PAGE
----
Laser Technology Current Affairs

XFEL: World’s biggest and powerful X-ray laser gun unveilded

The world’s largest and powerful X-ray laser- European X-ray Free Electron Laser (XFEL) was unveiled in Hamburg, Germany.

The first beams from XFEL were accelerated in April 2017 and first x-ray beams were produced in May 2017. It will

help scientists penetrate the inner workings of atoms, viruses and chemical reactions.

European X-ray Free Electron Laser (XFEL)

The XFEL is lodged in series of 3.4-kilometer tunnels up to 38 metres underground near city of Hamburg. It took 8 years to build 1.5-billion-euro ($1.7 billion) facility with funding from 11 countries. It has been hailed as one of largest and most ambitious European research projects ever.

Its centrepiece boasts world’s longest 1.7 kilometres superconducting linear accelerator, designed to provide energy needed to generate X-ray flashes billion times brighter than best conventional radiation sources. It has capacity to generate extremely intense laser flashes, at rate of 27,000 per second generated by Self-Amplified Spontaneous Emission (SASE). It generates high-intensity electromagnetic radiation by accelerating electrons to relativistic speeds and directing them through special magnetic structures.

Applications

XFEL is like a camera and a microscope that will make it possible to observe tiny details and processes in the nano-world than ever before. It will help to reveal and capture in images at the sub-atomic level, promising breakthroughs and revealing secrets in medicine, biology, energy, information technology and chemistry.

It will help scientists to map the atomic details of viruses, take 3-D images of the molecular make-up of cells or film chemical reactions inside them. This will help to understand and treat illnesses. The light beams produced by the XFEL can also be bundled together to create extreme pressure and temperatures to study process inside Earth’s core.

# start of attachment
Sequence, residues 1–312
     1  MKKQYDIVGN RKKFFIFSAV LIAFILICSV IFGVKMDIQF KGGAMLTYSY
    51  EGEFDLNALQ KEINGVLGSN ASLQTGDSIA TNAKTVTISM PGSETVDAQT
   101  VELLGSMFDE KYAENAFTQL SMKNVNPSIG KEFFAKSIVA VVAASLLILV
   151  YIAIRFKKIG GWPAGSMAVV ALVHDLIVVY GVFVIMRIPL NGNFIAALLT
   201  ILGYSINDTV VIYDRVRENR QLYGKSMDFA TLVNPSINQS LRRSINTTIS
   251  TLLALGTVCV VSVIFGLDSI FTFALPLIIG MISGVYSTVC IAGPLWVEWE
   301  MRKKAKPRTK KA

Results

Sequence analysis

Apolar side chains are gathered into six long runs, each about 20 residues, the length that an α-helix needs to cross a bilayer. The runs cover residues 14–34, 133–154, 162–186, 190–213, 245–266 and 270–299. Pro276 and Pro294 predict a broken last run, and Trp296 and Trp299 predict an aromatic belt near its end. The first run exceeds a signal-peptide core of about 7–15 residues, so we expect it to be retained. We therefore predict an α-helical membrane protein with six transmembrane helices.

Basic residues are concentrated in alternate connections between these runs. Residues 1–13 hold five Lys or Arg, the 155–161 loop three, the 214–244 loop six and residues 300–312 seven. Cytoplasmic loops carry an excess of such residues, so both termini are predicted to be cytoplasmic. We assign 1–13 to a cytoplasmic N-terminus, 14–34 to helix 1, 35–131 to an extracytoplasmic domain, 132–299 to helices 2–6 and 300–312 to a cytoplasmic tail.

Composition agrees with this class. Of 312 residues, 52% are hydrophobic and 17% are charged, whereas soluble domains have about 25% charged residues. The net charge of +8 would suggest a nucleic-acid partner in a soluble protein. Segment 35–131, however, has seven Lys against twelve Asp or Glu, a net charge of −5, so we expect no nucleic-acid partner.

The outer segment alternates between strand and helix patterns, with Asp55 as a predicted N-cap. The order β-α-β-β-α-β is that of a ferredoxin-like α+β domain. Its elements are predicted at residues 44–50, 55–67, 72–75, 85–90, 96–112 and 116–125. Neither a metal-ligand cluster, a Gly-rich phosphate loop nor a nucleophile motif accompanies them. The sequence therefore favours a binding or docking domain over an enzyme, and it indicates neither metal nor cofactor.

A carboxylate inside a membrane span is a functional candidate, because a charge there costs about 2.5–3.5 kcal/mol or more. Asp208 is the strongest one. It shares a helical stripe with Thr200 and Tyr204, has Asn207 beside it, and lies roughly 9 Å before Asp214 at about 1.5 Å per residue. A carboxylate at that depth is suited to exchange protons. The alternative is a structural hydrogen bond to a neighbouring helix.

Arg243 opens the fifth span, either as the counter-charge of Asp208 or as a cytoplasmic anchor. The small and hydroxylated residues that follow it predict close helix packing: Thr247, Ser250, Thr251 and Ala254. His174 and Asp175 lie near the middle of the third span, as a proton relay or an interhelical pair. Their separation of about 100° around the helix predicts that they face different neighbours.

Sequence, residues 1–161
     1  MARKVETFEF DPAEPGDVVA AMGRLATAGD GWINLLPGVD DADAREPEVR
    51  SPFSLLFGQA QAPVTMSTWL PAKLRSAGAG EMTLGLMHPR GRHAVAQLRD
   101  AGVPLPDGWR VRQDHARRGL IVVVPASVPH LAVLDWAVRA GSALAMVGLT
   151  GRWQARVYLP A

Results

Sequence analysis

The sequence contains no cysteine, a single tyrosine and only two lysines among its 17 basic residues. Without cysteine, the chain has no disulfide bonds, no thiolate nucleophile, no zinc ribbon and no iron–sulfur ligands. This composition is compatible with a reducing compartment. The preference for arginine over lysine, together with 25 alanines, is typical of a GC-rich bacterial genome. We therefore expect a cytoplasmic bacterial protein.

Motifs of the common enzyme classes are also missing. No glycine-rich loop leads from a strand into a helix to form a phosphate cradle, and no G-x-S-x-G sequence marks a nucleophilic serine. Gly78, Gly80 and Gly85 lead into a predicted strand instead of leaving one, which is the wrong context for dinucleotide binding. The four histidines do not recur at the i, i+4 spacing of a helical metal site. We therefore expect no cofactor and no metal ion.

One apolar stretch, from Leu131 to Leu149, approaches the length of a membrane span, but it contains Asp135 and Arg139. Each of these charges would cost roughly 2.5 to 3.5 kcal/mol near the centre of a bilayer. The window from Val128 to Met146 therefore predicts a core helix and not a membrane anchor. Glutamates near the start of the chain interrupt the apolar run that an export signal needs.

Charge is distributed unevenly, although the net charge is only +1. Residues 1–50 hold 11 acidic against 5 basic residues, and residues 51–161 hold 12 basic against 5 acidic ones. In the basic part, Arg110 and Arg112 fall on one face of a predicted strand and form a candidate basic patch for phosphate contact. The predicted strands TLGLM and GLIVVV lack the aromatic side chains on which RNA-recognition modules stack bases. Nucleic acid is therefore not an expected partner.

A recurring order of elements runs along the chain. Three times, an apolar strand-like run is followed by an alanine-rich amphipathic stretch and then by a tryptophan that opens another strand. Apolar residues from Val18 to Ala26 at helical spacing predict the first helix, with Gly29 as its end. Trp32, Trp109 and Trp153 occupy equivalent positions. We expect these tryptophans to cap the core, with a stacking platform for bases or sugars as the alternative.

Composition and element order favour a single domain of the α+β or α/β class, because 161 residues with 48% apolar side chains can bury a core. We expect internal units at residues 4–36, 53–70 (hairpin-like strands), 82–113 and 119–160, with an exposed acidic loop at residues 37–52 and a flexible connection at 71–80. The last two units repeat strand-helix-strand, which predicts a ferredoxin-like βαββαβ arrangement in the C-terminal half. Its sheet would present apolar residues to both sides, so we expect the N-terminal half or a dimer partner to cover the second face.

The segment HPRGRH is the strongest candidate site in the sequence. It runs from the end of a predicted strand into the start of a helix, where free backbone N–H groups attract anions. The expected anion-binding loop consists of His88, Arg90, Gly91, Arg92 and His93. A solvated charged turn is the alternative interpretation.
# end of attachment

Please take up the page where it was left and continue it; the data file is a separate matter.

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Israeli scientists create world’s first water-wave laser

Scientists from Israel have created the world’s first ‘water-wave laser’ that emits a beam through the interaction of light and water waves.

The study conducted by team of researchers from Technion-Israel Institute of Technology led by Professor Tal Carmon.

Significance of this research

A typical laser can be created when the electrons in atoms become “excited” by energy absorbed from an outside source causing them to emit radiation in the form of laser light. However, the water-wave laser for the first time showed that water wave oscillations within a liquid device can also generate laser radiation. It also successfully demonstrated nonlinear optics and water waves, two areas of research that were previously considered unrelated to one another.

How it works?
  • In this case, researchers had created a device in which an optical fibre delivers light into a tiny droplet of octane and water.
  • The energy is emitted by the droplet when light waves and water waves pass through each other many times (about one million times) inside the droplet
  • The interaction between the fibre optic light and the miniscule vibrations on surface of the droplet creates an echo i.e. interaction of sound waves causing it to emit radiation.
  • Event when minute pressure is applied by light it can cause droplet deformation that is a million times greater than in a typical optomechanical device. It may offer greater control of the laser’s emissions.
  • In order to increase this echo effect in the device, highly transparent, runny liquids was used to encourage light and droplet interactions.
Potential Applications

The ‘water-wave laser’ may be used in ‘lab-on-a-chip’ devices to study cell biology and test new drug therapies. It can be used in tiny sensors that combine light waves, sound and water waves. It also offers scientists a playground for studying the interaction of light and fluid at a scale smaller than the width of a human hair.

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